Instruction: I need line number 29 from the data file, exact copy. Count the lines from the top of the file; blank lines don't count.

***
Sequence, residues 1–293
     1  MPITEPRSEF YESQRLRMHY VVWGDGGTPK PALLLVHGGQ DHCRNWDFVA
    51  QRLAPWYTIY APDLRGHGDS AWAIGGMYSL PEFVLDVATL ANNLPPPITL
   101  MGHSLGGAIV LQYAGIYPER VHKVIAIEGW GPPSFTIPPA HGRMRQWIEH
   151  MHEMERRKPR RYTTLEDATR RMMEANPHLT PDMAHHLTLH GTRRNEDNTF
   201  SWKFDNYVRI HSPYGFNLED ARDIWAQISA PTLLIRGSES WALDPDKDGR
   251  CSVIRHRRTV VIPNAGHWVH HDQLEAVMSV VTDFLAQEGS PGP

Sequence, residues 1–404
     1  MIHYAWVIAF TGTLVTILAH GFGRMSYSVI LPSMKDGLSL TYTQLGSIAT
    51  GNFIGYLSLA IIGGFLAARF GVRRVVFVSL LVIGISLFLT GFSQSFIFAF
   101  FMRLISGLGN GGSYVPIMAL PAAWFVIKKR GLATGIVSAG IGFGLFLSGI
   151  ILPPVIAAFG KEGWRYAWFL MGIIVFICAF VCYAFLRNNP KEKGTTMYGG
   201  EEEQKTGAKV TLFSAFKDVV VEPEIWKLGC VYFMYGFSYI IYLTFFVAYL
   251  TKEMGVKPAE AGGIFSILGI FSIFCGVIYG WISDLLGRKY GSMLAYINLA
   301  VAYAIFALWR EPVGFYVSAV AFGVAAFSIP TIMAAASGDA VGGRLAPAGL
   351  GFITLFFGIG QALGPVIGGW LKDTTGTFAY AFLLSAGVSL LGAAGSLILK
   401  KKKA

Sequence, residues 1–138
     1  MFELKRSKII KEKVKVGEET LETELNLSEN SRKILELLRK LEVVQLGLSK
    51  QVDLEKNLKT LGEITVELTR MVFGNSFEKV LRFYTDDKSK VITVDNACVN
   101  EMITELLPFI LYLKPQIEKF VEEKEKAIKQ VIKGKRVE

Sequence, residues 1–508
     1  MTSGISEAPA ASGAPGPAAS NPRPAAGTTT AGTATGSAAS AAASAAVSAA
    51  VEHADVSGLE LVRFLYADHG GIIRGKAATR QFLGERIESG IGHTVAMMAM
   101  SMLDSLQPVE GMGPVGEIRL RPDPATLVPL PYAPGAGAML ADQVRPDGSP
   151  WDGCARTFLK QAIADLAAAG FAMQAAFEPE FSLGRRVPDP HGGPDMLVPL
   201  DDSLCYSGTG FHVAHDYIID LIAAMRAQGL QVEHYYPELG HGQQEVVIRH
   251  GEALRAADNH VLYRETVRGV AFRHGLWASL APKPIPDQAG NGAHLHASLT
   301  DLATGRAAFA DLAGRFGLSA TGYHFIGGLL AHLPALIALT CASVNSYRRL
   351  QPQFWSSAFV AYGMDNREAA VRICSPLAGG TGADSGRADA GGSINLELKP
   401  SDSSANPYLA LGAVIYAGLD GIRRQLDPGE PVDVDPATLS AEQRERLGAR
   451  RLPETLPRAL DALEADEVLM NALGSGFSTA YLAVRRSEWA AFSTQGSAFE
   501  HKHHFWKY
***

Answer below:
   301  DLATGRAAFA DLAGRFGLSA TGYHFIGGLL AHLPALIALT CASVNSYRRL